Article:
Design That Works

Google ‘graphic designer’ and you’ll get over 21 million hits. So, choice is not an issue. Or is it?

At least weekly, it seems I hear a horror story about a design project gone bad.

Often, the problem is the design client has been thinking backwards. They know they need a visual representation of their brand. But they haven’t yet articulated their unique positioning, zeroed in on their target audience or clarified their “voice”. They hire a designer in a vacuum—often choosing the cheapest option—and then wonder why their results suck.

How about a better way?

Start with a clear understanding of the brand you are promoting. This means everything from your story, to your target audiences, to the clear benefits (not features) of working with you. Do the work before you start a design conversation.

Don’t even think about hiring your kid. Or his buddy. Design that works is a powerful merging of art and technology. Would you hire an amateur to consult to your clients? Stick to those with demonstrated expertise and make sure they “get” you and your end goal.

Just any designer will not do. You need the right “feel”. Look at their work. Does it resonate with you? Will it fit with your target audience? Have they worked with someone in your industry or will their work easily translate? Someone with great fashion credentials is unlikely to be the right fit for most law firms.

Assemble a team. Too often, business owners expect their designer to comment on positioning and sometimes even edit copy. You don’t ask a lion to fish. Instead, I team writers and designers and technology experts. Everyone does what they love and you get design that works.

Maybe it’s time for your design to work. Hard.


  • Wow! I attended a Crains NY Business breakfast this morning that features entrepreneurs Crains awarded for their innovative success. In side discussions that followed with a young entrepreneur who matched webdesigners with clients, I suggested he might want to organized a seminar on content. I always and adamantly maintain that content should drive design. That jives with your blog. I have an ongoing conversation about that concerning a charitable non-profit fraternal organization I am active in; its website needs re-design but I argue that we need content to drive a design and should allow a design to back into content. For all of my my consulting and political clients, it make sure they have content and content that highlights the message and then discuss website and graphic design.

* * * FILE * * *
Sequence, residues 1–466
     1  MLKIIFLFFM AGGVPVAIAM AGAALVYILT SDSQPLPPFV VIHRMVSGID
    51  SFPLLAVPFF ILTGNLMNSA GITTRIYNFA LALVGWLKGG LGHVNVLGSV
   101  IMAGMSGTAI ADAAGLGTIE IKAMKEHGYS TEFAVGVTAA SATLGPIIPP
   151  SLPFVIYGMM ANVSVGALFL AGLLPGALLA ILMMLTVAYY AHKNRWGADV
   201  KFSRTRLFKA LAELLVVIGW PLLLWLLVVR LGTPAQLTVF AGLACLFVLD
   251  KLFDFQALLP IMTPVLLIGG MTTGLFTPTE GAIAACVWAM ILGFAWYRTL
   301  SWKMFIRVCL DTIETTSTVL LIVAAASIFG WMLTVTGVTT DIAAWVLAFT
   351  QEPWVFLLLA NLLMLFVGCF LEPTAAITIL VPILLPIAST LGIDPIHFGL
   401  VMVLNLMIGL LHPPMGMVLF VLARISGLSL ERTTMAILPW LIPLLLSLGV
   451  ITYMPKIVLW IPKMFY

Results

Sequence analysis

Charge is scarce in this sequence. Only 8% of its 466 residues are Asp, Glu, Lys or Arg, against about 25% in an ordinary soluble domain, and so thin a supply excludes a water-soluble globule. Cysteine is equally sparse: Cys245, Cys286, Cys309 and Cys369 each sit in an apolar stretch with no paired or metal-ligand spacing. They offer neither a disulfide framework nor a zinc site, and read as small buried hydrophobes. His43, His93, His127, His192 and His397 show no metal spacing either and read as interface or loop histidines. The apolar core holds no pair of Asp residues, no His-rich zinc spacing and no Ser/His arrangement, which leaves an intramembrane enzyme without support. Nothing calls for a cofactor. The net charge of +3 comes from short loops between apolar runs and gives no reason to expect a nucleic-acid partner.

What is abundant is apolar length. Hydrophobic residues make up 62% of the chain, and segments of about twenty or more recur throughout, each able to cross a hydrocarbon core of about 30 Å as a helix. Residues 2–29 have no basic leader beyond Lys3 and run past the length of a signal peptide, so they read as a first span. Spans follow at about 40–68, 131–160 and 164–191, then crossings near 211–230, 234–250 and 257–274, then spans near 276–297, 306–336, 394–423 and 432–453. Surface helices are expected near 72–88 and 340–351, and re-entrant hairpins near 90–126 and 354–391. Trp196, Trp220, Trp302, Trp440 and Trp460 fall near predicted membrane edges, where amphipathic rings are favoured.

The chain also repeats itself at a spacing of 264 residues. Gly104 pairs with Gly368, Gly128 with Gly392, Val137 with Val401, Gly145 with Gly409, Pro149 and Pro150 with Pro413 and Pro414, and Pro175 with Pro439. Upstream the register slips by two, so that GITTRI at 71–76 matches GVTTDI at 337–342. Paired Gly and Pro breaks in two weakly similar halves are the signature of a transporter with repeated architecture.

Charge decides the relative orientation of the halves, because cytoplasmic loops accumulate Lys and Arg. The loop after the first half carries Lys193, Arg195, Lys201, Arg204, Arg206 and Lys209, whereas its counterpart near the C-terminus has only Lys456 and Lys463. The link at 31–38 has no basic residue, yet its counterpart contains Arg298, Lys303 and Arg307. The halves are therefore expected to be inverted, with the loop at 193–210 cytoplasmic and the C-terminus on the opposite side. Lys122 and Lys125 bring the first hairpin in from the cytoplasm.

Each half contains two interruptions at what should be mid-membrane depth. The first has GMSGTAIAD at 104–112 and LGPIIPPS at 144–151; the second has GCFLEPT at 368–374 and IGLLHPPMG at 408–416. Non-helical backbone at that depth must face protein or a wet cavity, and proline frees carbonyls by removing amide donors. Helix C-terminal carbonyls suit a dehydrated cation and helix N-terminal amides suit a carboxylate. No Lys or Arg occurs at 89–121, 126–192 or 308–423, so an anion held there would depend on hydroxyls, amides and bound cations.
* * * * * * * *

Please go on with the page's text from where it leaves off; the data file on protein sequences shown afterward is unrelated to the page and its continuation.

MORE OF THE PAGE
• We must just be on the same wavelength Corey! Thanks for sharing your thoughts here. I agree that content matters–and so does the client’s end goal with the audience. To drive sales? Engage to act (perhaps to vote in your case?) To inspire? There are a number of strategic designers who work hard to make sure their design works–but design clients can have a hard time understanding that they have to pay more and dare more to work with the best. Which of course argues for your entrepreneur’s business model!

  • A friend just sent me this. Amen to quite a few of these points!

    I would say the issue is that too many businesses are hiring design studios where branding studios belong. The latter is equipped to fill strategic gaps and should be flexible enough aesthetically to design in multiple industries.

    The former is cheaper of course and unfortunately that is the only distinction most small businesses see until they run into the problems you’ve noted here.

  • Corey Bearak

    Aside from viewing the typos in my comment, I can report that the org. now enjoys a revisedwebsite designed around content. Unfortunately a new administration already is messing with aspects….

  • Thank you for making this point and I hope MANY businesses are listening to your advice!

    While my expertise is in guiding clients with the visual aspects, it astonishes me how I often I end up coaching clients just to get clear on what they really want. When they ask for ABC, but start talking to me about the importance of XYZ, I know there is a disconnect. After all these years, I’ve learned to ask the detailed questions and make sure they get the answers before starting on the project.

    Even as a designer, I concur: content must drive design. Design is there to *support* the message, not to overshadow.

    Best regards,

Leave a Reply

This site uses Akismet to reduce spam. Learn how your comment data is processed.